To pour more salt in our collective wounds, this year’s federal budget actually teased the creation of something called Canadian Digital Services (CDS), but no further details were provided. CDS was mentioned at the #GCCIOSummit on June 26, but beyond the usual talk, it doesn’t look like there’s any intent to address it at scale anytime soon (beyond maybe back office strategy work to which we’re not privy to).
“CANADIAN DIGITAL SERVICES”
“The Government has an opportunity — and a responsibility — to lead the way when it comes to digital innovation to support more widespread adoption of digital tools, and to better serve Canadians.
Informed by similar initiatives in the U.S. (the U.S. Digital Service/18F) and the United Kingdom (the Government Digital Service), the Government will adopt new ways of serving Canadians. Better use of digital technologies could improve the ways in which businesses can access government services, speed up immigration processing times through better-integrated information, or make it easier for Canadians to access benefits or tax information online.” Canadian Budget document, page 105.
In contrast, Benay’s approach as CIO seems to be following a pattern of setting direction centrally while continuing to leave departments to their own devices when it comes to actual research, planning and implementation. To my knowledge, this approach has worked successfully in a single country, Estonia, a tiny Baltic country of 1.3 million people whose ITC infrastructure complexity is dwarfed by Canada’s. Incidentally, Estonia had the luxury to reset its entire digital services offering and rebuild them from scratch a few years ago, something completely unachievable in the context of our federal government.
To compound the situation, the GoC doesn’t even have actual user research and design job designations. If you are a design researcher or an experience designer in our government, you’re likely forced within a CS (Computer Science) or IS (Information Systems) job designation. It’s 2017 (as our equally social media savvy Prime Minister would say). Design has been the main disruptor in technology for the better part of the last 10 years, yet our government is happy to continue to ignore it and chase technological band-aids that fatten the wallets of consulting giants (Big 5 and the likes) and headhunting shops. Incidentally, IT procurement also continues to be a big mess, continuing to favour the big boys with large pockets over small shops highly motivated to do good work (but we’ll leave procurement for a future rant).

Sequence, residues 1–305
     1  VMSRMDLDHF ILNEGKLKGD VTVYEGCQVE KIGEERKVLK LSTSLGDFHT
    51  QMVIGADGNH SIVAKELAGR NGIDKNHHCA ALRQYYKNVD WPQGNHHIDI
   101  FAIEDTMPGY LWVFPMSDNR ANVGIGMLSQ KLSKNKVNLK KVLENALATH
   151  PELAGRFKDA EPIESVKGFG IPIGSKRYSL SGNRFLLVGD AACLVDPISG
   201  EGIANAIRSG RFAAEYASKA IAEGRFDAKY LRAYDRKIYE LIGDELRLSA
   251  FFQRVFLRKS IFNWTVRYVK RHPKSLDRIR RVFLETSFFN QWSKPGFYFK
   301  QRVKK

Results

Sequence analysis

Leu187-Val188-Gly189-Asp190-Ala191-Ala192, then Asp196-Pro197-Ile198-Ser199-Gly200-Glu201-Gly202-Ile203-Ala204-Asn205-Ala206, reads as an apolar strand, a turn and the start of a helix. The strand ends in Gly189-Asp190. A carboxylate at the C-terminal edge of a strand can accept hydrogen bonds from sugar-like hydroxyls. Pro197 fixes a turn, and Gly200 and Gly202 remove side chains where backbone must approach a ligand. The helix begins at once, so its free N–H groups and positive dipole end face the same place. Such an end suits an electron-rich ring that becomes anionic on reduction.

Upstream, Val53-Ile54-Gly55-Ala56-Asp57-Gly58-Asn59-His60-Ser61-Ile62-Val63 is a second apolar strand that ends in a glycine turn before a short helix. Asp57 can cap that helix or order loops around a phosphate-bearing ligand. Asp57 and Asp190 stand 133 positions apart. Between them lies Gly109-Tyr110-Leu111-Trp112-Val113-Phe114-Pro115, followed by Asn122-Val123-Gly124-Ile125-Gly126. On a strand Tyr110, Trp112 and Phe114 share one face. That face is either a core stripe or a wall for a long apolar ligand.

These days, the once promising #uxwg is practically dead (though we hear rumours about a possible rebirth in the near future). Government UX practitioners are no longer a unified voice and have reverted back within the GoC ranks. If CDS ends up being more than a pipe dream, why not suck up all the talented #uxwg people into CDS to gain some scale, and let them go to work? The open source Web eXperience Toolkit was adopted by many departments, but in the last few years the world has evolved moving on from disjointed component and pattern libraries into integrated design systems, and sadly, the WxT has failed to react and adapt in any way. Adherence to accessibility standards is mandated by the fear of further lawsuits, while the GoC’s usability standard has become a checkbox in the lifecycle of a project, satisfied by lazy usability and tree testing sessions. Actual mixed methods design research is non existent. Most modern design and research tools are still prohibited from being installed on GoC computers. You get the idea.
And let’s talk about Benay for a moment. Ever since he’s taken office, he’s been tearing up social media with Kardashian-like aplomb in an effort to beef up support for his cause. If you ever need a digital buzzword dictionary, all you need to do is look up his LinkedIn conversations from the last few weeks. And while the Ontario government appointed a proven large scale government digital transformation entity in former 18F co-founder and director Hillary Hartley as their new Chief Digital Officer, the feds have gone with Benay, a sales professional who mistakes social media engagement and photo ops with actually getting stuff done. And when he’s called on his bullshit, his stock Trump-like social media reply to those criticizing his approach is to call them bitter, and ask if they’re willing to do something about it. He’s forgetting one thing. He’s actually the one in charge of that “doing something about it” part.
So I guess we’re gonna get ourselves some popcorn, sit back, and admire the mushroom cloud…